Face of the franchise and hopeful Hall of Fame first baseman Todd Helton will return to the Rockies for another season in 2013. Some wondered if all of the games lost to injury this season because of a troublesome hip combined with his previous back troubles might spell the end for the Toddfather. While Helton did not make a firm announcement about his return, he made it known that he wants to keep playing in the right situation.
The first factor will be continued progress with his physical health. Specifically, Helton wants to be surehe can hold up for the entire season. The brutal reality is, the durability of his body is only half of the equation. The other half will be Helton’s continued willingness to make concessions and take more days off, something he has shown he is perfectly capable of: “I will have to have ample days off. I know that. If I come back, I expect to play as much as I can. How much? It’s hard to tell.”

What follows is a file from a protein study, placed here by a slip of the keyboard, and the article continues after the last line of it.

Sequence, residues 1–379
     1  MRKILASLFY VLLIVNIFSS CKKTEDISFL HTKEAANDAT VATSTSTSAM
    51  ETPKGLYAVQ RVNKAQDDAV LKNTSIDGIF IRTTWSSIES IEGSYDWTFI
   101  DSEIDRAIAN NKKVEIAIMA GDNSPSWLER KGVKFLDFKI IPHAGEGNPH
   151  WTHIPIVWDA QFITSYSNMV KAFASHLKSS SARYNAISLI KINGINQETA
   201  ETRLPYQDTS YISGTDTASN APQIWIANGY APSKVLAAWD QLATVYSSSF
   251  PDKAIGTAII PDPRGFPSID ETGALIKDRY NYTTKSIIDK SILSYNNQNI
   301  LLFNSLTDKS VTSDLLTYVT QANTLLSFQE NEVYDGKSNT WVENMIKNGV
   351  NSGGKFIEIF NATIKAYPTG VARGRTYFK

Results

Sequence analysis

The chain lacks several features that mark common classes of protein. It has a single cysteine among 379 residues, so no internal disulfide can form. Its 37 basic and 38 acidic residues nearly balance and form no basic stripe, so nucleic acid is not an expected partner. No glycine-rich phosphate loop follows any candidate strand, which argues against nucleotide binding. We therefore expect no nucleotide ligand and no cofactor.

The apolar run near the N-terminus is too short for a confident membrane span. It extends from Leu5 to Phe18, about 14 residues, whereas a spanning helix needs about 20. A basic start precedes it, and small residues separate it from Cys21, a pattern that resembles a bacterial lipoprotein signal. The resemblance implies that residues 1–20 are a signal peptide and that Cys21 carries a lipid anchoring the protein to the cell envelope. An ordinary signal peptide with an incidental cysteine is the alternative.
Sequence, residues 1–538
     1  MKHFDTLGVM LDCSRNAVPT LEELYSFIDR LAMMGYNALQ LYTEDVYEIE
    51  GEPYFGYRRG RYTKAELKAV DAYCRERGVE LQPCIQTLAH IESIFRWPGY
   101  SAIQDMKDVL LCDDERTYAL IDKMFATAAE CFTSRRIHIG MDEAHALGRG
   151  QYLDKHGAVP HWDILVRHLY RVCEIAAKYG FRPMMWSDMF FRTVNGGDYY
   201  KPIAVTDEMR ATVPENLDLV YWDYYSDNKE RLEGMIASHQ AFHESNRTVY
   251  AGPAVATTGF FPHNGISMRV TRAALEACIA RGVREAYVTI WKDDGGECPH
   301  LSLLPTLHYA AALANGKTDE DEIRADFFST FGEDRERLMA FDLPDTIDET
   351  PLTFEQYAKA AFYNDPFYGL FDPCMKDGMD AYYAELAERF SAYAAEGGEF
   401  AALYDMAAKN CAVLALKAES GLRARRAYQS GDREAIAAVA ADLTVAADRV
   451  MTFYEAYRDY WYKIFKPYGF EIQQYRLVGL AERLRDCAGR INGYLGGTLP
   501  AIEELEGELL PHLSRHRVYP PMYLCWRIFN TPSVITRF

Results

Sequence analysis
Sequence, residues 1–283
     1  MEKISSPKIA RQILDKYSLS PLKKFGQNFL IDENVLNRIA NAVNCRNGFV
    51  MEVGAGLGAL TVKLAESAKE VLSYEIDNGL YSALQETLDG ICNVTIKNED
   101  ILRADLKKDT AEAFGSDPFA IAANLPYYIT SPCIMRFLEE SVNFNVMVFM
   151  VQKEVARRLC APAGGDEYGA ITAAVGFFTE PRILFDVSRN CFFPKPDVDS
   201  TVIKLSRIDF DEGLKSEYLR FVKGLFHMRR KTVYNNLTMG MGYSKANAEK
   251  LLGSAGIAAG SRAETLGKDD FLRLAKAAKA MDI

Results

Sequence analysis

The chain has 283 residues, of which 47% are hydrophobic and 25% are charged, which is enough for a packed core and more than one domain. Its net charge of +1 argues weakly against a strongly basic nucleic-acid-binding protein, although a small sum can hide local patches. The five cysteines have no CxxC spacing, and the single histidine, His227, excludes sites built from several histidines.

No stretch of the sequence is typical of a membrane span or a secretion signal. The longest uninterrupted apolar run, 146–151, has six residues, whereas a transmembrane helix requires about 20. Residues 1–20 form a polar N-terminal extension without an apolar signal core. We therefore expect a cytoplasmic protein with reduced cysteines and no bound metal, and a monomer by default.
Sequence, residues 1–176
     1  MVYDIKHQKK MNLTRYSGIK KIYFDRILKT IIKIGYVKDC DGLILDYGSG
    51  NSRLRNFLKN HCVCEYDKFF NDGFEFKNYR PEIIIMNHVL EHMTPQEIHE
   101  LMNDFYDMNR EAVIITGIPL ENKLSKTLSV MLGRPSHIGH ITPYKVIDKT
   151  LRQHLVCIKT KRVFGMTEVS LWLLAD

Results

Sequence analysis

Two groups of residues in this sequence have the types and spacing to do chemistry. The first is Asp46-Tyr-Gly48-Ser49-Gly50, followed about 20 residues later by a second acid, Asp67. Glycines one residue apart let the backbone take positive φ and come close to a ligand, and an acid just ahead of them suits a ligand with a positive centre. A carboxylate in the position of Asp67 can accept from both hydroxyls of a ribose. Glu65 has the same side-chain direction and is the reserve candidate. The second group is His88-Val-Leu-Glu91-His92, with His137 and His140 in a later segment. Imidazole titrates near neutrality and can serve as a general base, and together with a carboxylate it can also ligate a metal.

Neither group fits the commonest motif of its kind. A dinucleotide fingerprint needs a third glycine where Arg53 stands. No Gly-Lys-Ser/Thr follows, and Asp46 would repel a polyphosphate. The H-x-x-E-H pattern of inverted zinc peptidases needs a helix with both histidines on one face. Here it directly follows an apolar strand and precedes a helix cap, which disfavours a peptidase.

The second factor will be the Rockies’ ability to be competitive. As the team battles to avoid the 100 loss mark this season, which would be a first in franchise history, nobody can blame Helton for not wanting to put in so much hard work to return for an irrelevant franchise. This is when things get more complicated.
It is so difficult to see Helton struggle like he did this season before getting shut down. We all remember the gratification we felt when Helton jumped up and down in celebration when the team reached the 2007 World Series. If ever there was a player who earned that success, and if ever there was a player we wanted it so badly for, it was Helton. He stuck with the Rockies and he has become the face of this franchise in a way unique to any period in sports, let alone the hasty impermanence of the 2000′s. We invest in Helton’s career on a different level than most other players.
Helton’s stoicism and quiet dedication are what we love about him, and it made the contrast of him showing the ecstasy of celebration that more enjoyable. Speaking for myself as a fan, all I want is to see Helton enjoy that kind of success and have a chance to celebrate one more playoff berth before he hangs up his cleats, his rock-solid bat and his golden first baseman’s glove. Understanding the unlikelihood of that scenario in the next season or two, I just want him to go out on his own terms, whatever that looks like.
Hopefully that is the path Helton is on going into next year’s Spring Training.